One of graduate student Dailihana Alfonseca’s only memories with her father include the feeling of how small her hands felt in his. As a young girl in Puerto Rico, her father’s murder decades ago—fraught with complexities of drug and identity issues—led to an adolescence of wandering, migration and instability.
“I write about it, and I work on healing because this is the reality of my life,” she said. “I can’t be ashamed of where I come from. … We need to destigmatize the trauma from our homelands.”
As a teenager, she joined the U.S. Army and served in South Korea for two years before moving to Fort Carson in Colorado. She considers her pregnancy with her daughter, now 11, toward the end of her time in the military, as a safeguard for her mental health and wellbeing.
“The military gave me discipline every day that I needed to apply to my life,” she said. “I’m so grateful for my time in the military—and—I needed a therapist. … The military was the parent I needed when I was an early adult.”
From the military to merchandizing
Following her time in the military, Alfonseca worked for several years in the fashion industry in merchandizing and management in New York City. While in the city, she realized her contribution to the complex issue of understanding identity.
“I dove deep into the ideas of capitalism and materialism and what it really meant to be participatory,” she said. “I started to think more critically.”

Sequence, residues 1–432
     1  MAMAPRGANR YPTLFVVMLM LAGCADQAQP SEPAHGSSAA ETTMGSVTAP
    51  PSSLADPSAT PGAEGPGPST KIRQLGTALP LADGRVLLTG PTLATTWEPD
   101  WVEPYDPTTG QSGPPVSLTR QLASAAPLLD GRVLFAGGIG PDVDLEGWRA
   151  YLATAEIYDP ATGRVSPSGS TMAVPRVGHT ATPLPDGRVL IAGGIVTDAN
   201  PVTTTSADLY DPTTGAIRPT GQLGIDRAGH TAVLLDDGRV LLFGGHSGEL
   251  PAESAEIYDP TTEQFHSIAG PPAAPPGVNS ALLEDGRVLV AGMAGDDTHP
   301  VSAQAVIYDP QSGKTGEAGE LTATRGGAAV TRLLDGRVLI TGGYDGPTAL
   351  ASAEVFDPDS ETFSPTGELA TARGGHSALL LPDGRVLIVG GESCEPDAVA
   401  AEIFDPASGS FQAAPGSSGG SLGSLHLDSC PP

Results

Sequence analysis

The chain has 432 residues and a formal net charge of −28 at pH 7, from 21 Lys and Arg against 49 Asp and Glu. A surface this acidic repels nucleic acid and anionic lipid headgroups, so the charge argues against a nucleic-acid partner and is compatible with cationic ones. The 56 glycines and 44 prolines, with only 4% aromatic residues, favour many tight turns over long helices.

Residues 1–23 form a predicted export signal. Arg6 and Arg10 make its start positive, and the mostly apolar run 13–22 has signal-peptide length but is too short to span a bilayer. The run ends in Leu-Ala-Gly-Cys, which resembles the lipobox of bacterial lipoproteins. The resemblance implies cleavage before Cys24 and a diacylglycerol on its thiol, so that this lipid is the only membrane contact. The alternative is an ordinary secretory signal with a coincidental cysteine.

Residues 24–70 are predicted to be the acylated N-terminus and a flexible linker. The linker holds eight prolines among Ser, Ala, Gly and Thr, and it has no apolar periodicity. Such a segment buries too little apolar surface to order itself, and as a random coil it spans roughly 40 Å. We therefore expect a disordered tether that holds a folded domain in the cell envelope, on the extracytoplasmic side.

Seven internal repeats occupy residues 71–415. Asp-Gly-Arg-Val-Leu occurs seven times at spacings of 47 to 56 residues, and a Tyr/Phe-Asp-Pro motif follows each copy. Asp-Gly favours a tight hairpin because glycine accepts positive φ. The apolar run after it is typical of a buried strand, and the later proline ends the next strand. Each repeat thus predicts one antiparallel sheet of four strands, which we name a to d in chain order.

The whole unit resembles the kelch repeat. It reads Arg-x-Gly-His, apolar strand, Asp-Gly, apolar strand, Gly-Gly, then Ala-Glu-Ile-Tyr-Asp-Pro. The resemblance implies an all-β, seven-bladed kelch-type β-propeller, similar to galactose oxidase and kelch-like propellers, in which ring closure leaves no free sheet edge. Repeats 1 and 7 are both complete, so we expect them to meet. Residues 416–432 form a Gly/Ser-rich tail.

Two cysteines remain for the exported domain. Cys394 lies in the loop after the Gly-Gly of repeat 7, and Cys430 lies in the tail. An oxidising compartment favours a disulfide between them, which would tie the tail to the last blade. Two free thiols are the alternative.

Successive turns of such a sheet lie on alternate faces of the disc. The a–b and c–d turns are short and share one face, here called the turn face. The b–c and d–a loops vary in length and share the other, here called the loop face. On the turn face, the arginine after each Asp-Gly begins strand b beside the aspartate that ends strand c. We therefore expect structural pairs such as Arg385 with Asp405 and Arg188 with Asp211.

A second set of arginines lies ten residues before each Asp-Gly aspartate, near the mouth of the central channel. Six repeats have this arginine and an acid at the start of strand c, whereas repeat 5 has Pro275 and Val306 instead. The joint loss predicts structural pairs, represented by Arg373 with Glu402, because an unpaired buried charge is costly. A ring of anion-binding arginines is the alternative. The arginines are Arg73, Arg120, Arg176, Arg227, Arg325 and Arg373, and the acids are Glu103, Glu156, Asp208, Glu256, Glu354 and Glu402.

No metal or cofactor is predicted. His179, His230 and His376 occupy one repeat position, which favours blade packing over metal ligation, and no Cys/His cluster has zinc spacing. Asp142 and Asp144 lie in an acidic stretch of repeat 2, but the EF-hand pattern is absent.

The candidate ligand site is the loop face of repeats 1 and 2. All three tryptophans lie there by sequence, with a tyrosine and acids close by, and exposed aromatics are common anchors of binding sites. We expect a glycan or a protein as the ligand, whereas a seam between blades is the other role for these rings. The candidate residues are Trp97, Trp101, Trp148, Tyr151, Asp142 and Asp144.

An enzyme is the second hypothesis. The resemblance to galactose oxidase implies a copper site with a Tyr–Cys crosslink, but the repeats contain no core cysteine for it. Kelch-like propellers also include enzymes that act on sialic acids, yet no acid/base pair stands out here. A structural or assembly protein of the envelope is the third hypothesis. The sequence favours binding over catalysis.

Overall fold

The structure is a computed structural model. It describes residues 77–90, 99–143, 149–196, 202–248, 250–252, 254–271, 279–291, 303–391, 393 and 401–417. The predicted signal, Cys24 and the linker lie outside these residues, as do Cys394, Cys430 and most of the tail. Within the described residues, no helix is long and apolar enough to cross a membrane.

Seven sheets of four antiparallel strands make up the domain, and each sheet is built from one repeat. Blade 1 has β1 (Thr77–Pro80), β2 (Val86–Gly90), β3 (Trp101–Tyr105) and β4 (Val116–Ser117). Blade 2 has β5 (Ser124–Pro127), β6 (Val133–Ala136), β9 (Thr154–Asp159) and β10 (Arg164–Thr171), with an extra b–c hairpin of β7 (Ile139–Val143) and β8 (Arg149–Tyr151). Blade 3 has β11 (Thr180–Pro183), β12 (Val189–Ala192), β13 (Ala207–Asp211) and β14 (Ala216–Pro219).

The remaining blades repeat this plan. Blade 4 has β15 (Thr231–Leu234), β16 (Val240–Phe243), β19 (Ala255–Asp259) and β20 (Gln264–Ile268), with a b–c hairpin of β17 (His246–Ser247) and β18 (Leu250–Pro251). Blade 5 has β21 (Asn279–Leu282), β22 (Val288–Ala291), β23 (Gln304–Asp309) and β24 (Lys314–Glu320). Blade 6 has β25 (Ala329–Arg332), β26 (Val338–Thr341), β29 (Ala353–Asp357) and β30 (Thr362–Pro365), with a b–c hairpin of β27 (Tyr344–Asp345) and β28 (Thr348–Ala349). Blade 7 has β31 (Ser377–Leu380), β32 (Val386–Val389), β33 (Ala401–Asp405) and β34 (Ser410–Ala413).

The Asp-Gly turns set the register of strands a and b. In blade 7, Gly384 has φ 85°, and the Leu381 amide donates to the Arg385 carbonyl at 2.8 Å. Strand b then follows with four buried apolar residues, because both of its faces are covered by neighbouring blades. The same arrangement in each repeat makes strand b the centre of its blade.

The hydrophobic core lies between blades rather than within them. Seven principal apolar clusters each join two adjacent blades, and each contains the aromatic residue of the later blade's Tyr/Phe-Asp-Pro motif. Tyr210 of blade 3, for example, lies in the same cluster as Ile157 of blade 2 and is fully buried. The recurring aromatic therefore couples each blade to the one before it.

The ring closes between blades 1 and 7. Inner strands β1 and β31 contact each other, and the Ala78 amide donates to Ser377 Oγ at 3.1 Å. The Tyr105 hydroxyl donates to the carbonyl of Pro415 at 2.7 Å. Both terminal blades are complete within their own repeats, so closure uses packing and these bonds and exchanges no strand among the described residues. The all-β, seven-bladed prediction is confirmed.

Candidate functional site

So, she began to write.
Alfonseca is pursuing her master’s degree in the Department of English and Comparative Literature with concentration in literature, medicine and culture. One of her recent published works is nominated for a prestigious Pushcart Prize. The department is part of the College of Arts and Sciences.
“As an immigrant, as a woman in our culture … everything is political,” she said. “My stories talk about systemic imperialism that affects us today, because we’re all stuck in a cycle.”
While studying at Francis Marion University in Florence, South Carolina, Alfonseca encountered the master’s degree program—and she now travels weekly back and forth between her family and Chapel Hill to attend class. She credits faculty Kym Weed and Jane Thrailkill with spurring her to pursue her master’s degree.
“I came to the open house, and it was the first time I was around groups of people where I didn’t feel like I was talking too much,” she recalled. “I was around a group of people who thought like I did and expressed themselves in a way to me that was like a call to action. … Carolina students, by trying to learn new things, create a difference.”
Creative literature and community
She hopes that her writing about Latina women will help against the tide of feeling like race and gender are, or should be, erased by politics and society.
“I want to help the world,” she said. “The words depression and anxiety in my culture are not seen as a mental health issue. We call it an attack of the nerves.” … “This is the first time in my entire life where I really am around people who want to see me learn and who want to hear my ideas.”
In a media-saturated world, Alfonseca said assimilation into Western identities can cause trauma among migrants and Latina women—a topic that she tackles in her creative literature.
“Identities that we learn through media sometimes curse us,” she said. “Sometimes those are the only people we relate to—those who are on tv are the only ones being offered to us on American television.”
At Carolina she counts on her department and The Graduate School’s Diversity and Student Success program to be part of her support system.
“If the system isn’t working—the people at Carolina are trying,” she said. “It’s the only place where I feel like I’ve found my people.”
By Elizabeth Poindexter, The Graduate School